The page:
Reformist candidate Abbas Akhundi stated in an opinion piece that the atmosphere surrounding this election is cold, and the government needs to shift its approach if it wants to attract the “silent majority”. Akhundi associated the limited number and general homogeneity of vetted candidates with public apathy to the election, arguing that “only through transformational discourse, by understanding the issues of Iran and empathising with the nation, will we find a way to break this freeze and create hope”. Akhundi was nominated as a candidate for the Reformist Front on Sunday, and named on a corruption indictment on the same day.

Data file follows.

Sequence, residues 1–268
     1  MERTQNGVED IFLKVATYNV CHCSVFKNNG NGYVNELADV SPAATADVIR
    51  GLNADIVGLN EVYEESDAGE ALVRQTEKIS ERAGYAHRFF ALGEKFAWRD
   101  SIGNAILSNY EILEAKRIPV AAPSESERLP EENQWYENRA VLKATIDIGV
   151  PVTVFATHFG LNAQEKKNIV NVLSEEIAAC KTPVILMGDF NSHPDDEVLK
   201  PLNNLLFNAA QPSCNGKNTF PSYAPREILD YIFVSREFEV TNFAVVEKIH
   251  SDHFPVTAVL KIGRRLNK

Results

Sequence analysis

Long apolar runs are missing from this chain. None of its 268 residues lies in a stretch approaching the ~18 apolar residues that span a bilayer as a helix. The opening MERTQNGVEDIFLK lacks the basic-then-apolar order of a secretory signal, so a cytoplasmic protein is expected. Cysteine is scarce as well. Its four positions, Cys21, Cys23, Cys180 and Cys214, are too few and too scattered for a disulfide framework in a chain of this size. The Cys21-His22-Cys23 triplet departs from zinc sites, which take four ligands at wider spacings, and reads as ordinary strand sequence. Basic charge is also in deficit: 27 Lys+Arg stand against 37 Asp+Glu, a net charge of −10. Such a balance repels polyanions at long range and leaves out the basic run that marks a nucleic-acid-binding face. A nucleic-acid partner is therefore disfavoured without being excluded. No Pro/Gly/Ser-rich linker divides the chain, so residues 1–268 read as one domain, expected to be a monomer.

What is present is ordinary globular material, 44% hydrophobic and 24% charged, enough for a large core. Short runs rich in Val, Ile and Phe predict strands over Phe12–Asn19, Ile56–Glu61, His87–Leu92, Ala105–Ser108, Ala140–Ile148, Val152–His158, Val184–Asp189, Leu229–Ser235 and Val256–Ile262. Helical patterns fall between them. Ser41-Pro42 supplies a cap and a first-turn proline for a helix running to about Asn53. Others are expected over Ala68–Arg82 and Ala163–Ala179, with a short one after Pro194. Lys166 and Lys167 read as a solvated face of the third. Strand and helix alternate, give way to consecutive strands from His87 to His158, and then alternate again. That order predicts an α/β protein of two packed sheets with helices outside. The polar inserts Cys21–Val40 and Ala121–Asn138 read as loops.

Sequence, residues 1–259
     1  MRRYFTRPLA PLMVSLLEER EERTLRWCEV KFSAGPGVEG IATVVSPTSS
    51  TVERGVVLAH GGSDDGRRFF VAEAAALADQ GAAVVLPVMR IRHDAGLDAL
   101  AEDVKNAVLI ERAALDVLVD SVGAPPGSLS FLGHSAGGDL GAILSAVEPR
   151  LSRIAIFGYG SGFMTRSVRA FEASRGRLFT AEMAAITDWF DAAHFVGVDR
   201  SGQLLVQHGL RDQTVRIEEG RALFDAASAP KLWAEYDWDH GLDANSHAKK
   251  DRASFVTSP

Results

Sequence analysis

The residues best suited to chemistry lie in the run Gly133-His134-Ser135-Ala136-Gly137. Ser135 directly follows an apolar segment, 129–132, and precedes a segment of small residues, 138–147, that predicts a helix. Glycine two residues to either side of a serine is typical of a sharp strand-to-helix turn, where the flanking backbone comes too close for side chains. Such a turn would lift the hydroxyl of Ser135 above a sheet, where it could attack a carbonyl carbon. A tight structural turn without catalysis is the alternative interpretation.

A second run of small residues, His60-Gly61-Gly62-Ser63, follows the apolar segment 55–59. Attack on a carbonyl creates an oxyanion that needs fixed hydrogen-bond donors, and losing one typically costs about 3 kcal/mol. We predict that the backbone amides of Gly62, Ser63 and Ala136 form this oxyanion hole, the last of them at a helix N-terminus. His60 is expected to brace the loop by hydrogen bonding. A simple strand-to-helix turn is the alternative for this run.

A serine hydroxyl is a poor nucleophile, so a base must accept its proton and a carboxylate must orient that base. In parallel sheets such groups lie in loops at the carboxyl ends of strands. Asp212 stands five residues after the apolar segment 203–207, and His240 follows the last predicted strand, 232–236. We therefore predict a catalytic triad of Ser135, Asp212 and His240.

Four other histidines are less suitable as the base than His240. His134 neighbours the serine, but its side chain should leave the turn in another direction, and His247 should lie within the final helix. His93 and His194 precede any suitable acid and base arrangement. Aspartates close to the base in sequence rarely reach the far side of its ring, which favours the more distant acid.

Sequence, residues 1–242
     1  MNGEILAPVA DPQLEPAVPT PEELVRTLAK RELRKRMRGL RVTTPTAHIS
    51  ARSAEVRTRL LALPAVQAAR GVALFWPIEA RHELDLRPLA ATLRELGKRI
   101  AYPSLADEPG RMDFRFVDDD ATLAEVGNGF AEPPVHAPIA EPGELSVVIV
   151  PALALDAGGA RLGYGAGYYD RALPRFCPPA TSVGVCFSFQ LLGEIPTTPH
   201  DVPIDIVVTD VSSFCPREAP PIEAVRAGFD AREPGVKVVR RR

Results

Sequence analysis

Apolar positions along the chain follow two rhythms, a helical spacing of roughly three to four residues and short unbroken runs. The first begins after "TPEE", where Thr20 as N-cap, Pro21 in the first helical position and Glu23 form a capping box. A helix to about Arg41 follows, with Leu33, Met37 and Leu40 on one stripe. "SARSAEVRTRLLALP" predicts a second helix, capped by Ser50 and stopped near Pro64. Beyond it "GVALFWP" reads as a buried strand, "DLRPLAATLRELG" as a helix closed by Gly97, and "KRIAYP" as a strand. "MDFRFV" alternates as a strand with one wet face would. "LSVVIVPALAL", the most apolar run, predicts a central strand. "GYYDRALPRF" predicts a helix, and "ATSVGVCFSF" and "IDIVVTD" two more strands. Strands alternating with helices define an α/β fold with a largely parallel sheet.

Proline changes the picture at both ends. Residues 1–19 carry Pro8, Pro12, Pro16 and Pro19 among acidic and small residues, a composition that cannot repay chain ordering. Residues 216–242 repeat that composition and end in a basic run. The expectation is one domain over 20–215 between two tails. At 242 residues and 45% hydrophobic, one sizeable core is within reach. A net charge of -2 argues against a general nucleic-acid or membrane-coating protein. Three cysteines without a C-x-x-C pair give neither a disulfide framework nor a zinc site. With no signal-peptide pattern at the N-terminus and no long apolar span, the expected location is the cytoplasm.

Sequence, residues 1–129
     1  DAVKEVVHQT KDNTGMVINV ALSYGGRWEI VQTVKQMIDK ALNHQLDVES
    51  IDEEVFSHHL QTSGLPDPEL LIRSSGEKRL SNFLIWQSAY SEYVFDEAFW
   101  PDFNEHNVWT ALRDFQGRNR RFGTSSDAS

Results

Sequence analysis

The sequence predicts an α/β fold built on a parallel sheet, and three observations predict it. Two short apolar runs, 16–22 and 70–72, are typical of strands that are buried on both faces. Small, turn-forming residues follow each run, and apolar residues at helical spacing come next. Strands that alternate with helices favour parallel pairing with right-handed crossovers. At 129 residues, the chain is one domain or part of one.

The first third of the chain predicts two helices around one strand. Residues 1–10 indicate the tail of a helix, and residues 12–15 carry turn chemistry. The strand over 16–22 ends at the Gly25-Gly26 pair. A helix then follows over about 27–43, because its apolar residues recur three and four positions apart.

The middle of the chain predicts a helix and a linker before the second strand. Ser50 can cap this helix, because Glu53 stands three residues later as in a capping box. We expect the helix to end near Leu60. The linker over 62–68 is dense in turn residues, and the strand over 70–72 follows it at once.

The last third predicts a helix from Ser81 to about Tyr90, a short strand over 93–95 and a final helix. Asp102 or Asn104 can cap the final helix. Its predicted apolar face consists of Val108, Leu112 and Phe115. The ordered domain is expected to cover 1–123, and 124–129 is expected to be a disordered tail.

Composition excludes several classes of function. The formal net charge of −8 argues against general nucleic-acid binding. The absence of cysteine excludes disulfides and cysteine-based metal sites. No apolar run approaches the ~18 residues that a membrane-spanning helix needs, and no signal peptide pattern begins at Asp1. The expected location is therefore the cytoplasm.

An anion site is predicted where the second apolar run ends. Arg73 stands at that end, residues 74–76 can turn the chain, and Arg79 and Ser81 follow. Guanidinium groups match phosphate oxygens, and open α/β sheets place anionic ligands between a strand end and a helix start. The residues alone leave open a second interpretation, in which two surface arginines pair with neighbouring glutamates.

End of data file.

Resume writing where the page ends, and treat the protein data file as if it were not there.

The Guardian Council, which vets the candidates, has notified the Ministry of Interior, which is responsible for managing the election, that it has added new conditions for candidates this election. This includes that candidates will have to be between the ages of 40 and 75, a ruling that will exclude candidate Mohammad-Javad Azari Jahromi. A second condition is that candidates cannot have a criminal history, which will exclude several potential candidates, such as Reformist Mostafa Tajzadeh, and two female candidates, Faezeh Hashemi Rafsanjani and Shahindokht Molaverdi. The Guardian Council had been trying to change the Presidential law for more than six months but has been blocked by the Parliament.